People can call 520-848-4045 seven days a week, from 7 a.m. to 7 p.m. Questions will be answered live when possible, or they will be researched and responded to within 24 hours.

For urgent or after-hours needs, callers should continue to contact Campus Health. The after-hours line for medical needs is 520-570-7898.

Click the following links to learn more about the Health Promotion Ambassador Team and Wellness Ambassador Program.

Click here to view video from the Oct. 5, 2020, Campus Reentry Briefing on YouTube.

The UArizona Health Sciences COVID-19 Research webpage can be found here.

For the latest on the University of Arizona response to the novel coronavirus, visit the university’s COVID-19 webpage.

For UANews coverage of COVID-19, visit

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A version of this article appeared originally on the UANews website.

NOTE: Images available upon request.

About the University of Arizona Health Sciences
The University of Arizona Health Sciences is the statewide leader in biomedical research and health professions training. UArizona Health Sciences includes the Colleges of Medicine (Tucson and Phoenix), Nursing, Pharmacy, and the Mel and Enid Zuckerman College of Public Health, with main campus locations in Tucson and the Phoenix Biomedical Campus in downtown Phoenix. From these vantage points, Health Sciences reaches across the state of Arizona, the greater Southwest and around the world to provide next-generation education, research and outreach. A major economic engine, Health Sciences employs nearly 5,000 people, has approximately 4,000 students and 900 faculty members, and garners $200 million in research grants and contracts annually. For more information: (Follow us: Facebook | Twitter | YouTube | LinkedIn | Instagram).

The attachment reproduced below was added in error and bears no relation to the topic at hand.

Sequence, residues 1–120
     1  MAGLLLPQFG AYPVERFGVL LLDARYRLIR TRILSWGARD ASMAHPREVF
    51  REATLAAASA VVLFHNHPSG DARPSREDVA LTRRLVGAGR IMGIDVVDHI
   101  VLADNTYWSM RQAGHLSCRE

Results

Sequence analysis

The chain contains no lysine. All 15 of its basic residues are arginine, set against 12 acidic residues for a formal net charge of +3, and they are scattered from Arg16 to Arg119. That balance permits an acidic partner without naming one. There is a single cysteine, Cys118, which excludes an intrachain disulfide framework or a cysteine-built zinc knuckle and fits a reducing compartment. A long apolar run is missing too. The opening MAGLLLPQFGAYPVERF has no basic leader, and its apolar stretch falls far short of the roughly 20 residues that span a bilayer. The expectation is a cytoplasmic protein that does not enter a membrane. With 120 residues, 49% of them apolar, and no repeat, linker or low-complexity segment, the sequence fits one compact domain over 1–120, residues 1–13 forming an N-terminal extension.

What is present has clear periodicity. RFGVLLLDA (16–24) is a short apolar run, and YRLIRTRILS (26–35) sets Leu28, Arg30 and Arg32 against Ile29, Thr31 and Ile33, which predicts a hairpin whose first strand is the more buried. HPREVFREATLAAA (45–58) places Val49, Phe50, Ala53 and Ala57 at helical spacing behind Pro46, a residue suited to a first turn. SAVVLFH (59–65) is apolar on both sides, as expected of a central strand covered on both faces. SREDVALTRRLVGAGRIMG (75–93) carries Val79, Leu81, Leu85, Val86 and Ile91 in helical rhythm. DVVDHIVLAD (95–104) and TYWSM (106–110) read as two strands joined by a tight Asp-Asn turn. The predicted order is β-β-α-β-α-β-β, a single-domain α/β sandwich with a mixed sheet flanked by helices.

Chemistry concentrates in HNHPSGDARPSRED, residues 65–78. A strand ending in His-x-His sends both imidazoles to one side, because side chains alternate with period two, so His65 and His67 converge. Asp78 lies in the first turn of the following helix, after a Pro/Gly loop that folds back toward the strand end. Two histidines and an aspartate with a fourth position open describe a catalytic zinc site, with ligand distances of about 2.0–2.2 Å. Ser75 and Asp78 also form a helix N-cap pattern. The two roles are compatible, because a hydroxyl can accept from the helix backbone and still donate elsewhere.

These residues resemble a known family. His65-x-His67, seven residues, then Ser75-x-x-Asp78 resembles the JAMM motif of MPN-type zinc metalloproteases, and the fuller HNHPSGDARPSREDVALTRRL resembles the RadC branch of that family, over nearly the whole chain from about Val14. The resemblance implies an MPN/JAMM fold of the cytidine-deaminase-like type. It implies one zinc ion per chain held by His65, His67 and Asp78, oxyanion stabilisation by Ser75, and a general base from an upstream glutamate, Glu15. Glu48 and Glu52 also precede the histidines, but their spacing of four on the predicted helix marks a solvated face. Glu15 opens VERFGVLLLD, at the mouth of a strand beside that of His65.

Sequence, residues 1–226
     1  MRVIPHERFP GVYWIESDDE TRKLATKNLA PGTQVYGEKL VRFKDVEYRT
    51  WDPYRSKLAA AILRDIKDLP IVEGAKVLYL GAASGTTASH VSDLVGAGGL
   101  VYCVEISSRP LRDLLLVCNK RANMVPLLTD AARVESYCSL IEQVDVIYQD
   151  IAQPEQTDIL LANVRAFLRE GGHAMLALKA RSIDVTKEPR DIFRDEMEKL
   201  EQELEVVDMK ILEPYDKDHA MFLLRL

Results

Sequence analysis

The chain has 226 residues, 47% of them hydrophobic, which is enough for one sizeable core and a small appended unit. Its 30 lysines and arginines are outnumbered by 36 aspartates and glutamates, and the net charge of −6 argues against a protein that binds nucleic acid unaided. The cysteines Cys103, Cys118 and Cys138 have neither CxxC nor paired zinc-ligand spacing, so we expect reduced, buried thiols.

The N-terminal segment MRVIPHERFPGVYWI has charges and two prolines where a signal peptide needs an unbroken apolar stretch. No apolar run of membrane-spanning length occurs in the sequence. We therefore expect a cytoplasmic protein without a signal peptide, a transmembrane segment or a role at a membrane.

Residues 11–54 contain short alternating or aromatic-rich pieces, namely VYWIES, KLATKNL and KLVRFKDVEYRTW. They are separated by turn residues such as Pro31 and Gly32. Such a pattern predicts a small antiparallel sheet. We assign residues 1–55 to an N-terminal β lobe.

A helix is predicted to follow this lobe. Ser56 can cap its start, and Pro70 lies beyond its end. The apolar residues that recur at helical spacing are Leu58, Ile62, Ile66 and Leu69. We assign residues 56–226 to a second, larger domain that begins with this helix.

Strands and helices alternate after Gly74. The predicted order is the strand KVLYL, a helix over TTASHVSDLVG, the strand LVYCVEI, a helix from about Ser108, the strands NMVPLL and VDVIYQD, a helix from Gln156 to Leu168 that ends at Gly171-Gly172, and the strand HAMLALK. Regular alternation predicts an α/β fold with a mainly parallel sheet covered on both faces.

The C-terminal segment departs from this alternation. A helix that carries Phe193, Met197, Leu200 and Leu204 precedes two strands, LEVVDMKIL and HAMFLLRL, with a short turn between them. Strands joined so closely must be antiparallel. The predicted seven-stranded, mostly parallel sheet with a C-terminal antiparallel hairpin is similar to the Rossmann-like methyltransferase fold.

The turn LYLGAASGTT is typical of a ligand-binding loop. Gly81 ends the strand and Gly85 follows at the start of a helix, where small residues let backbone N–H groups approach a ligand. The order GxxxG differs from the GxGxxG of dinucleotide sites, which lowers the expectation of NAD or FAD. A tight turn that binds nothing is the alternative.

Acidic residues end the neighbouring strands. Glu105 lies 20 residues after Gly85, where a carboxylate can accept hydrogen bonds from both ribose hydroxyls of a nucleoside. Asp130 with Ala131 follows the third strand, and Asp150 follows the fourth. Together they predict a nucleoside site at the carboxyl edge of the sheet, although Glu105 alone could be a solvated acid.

About the University of Arizona
The University of Arizona, a land-grant university with two independently accredited medical schools, is one of the nation's top public universities, according to U.S. News & World Report. Established in 1885, the university is widely recognized as a student-centric university and has been designated as a Hispanic Serving Institution by the U.S. Department of Education. The university ranked in the top 20 in 2018 in research expenditures among all public universities, according to the National Science Foundation, and is a leading Research 1 institution with $687 million in annual research expenditures. The university advances the frontiers of interdisciplinary scholarship and entrepreneurial partnerships as a member of the Association of American Universities, the 65 leading public and private research universities in the U.S. It benefits the state with an estimated economic impact of $4.1 billion annually. For more information: (Follow us: Facebook | Twitter | YouTube | LinkedIn | Instagram).